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Tooth Whitening/Bleaching:
Treatment Considerations
for Dentists and Their

2009 American Dental Association. All rights reserved. Tooth Whitening/Bleaching: Treatment Considerations for Dentists and Their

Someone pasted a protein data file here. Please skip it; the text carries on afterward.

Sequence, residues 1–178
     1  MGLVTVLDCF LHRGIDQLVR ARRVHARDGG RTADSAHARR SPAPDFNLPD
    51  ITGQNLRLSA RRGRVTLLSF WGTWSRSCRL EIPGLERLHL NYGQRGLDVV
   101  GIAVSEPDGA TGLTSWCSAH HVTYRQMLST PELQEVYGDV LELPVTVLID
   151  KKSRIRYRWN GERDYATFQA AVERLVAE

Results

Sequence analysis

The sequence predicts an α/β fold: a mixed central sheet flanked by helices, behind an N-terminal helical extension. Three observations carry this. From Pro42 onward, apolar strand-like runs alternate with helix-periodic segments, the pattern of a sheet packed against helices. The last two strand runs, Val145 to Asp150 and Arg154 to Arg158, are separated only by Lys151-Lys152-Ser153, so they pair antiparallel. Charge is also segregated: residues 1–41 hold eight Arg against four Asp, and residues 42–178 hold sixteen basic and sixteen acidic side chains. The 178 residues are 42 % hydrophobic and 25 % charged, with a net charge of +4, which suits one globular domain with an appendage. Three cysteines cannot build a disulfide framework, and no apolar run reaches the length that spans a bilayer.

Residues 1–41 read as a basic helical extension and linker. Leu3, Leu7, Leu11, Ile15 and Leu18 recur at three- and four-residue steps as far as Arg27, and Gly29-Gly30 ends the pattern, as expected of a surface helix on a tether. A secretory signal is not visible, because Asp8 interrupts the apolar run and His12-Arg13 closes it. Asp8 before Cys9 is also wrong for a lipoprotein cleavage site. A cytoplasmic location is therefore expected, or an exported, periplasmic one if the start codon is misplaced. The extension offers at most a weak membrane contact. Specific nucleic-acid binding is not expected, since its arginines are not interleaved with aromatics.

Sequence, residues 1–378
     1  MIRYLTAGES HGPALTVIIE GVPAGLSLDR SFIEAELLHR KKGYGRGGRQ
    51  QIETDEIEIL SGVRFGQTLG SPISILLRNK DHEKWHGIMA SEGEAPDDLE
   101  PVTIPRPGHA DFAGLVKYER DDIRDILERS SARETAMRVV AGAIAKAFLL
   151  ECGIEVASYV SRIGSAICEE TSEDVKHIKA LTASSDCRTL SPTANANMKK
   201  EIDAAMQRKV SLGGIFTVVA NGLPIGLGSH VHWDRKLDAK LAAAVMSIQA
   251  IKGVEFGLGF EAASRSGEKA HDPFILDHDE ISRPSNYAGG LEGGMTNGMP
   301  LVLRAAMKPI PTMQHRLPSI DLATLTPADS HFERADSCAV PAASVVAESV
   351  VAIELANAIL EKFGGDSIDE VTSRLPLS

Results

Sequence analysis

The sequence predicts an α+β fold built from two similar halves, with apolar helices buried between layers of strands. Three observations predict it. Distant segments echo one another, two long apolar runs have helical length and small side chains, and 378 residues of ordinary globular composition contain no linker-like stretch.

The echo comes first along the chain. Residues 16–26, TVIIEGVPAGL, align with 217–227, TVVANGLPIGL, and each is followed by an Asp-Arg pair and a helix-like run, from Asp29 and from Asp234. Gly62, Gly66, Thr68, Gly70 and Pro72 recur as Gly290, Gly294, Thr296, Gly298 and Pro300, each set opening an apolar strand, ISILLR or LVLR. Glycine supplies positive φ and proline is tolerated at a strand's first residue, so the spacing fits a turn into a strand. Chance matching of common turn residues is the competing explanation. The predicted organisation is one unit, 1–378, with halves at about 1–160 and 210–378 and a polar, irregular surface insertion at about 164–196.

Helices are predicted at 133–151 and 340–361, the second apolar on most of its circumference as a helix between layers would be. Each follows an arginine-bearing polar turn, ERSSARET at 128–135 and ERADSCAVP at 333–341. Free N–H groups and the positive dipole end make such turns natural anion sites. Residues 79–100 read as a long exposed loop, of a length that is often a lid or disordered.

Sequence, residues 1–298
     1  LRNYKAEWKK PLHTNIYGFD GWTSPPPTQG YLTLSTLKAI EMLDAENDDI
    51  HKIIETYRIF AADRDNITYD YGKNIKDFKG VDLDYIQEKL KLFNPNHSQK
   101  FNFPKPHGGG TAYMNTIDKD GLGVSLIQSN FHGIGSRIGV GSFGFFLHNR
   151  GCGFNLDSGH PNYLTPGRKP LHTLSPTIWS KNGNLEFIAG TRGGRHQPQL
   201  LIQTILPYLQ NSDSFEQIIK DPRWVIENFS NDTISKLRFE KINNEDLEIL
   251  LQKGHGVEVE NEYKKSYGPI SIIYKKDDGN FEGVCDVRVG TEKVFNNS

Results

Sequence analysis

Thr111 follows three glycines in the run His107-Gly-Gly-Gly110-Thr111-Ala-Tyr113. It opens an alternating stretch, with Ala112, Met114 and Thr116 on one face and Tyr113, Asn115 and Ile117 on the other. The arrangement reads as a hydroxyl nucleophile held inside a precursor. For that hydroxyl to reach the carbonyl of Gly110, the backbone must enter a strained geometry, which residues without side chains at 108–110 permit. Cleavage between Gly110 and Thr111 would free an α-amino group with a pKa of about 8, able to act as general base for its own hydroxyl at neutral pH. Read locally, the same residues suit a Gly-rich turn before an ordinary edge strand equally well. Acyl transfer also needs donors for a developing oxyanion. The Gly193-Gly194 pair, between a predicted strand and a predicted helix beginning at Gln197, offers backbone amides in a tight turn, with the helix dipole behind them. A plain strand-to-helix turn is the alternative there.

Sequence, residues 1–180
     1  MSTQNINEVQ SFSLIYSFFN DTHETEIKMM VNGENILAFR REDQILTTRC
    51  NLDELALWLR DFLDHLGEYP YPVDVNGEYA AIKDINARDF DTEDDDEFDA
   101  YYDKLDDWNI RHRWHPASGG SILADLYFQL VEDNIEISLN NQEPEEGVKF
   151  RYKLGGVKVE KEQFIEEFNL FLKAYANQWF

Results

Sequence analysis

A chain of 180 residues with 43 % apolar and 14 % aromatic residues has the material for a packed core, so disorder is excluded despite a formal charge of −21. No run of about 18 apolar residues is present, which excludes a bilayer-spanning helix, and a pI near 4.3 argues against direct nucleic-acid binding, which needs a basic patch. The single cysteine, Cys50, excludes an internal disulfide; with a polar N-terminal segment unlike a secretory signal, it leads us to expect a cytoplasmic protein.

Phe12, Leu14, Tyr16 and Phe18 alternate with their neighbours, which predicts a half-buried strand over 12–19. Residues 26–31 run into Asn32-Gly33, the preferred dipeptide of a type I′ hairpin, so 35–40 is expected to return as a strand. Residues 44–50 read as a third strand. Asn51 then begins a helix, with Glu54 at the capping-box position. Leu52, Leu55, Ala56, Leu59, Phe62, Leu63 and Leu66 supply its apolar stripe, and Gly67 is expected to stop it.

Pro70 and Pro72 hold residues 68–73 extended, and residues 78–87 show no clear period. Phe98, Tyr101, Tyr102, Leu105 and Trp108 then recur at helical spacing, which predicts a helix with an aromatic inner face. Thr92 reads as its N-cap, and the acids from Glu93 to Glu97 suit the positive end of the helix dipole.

ADA Council on Scientific Affairs